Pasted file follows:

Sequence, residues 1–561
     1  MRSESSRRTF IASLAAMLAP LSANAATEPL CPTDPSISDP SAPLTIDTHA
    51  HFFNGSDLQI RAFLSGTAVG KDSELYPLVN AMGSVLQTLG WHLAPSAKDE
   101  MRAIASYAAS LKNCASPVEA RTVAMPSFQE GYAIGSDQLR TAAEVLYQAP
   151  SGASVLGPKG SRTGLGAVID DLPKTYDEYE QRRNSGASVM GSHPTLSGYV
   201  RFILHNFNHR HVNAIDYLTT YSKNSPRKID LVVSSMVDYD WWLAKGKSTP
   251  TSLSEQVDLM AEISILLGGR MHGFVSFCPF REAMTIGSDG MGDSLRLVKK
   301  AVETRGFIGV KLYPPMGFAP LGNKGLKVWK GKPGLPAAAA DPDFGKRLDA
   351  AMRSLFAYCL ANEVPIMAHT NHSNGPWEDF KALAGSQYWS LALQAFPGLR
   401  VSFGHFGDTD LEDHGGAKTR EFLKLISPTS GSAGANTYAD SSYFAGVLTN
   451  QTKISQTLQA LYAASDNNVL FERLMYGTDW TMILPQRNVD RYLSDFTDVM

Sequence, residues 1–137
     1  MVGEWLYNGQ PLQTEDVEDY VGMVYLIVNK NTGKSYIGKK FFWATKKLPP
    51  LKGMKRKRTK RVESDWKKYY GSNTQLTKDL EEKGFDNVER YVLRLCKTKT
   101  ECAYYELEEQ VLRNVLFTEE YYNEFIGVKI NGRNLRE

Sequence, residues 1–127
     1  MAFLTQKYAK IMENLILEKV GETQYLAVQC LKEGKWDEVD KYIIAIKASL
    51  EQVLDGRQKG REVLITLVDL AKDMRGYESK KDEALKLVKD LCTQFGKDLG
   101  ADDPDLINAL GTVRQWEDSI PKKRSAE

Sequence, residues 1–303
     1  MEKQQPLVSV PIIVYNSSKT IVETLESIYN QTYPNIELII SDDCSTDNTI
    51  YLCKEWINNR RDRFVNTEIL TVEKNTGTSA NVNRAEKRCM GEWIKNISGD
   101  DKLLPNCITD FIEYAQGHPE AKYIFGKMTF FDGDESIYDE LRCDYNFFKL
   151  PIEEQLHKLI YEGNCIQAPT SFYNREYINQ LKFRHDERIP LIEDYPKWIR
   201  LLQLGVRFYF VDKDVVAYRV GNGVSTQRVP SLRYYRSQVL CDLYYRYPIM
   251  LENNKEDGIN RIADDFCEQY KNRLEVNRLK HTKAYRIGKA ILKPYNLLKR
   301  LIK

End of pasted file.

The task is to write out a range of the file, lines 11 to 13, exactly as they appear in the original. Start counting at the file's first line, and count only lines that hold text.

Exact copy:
   451  QTKISQTLQA LYAASDNNVL FERLMYGTDW TMILPQRNVD RYLSDFTDVM

Sequence, residues 1–137
     1  MVGEWLYNGQ PLQTEDVEDY VGMVYLIVNK NTGKSYIGKK FFWATKKLPP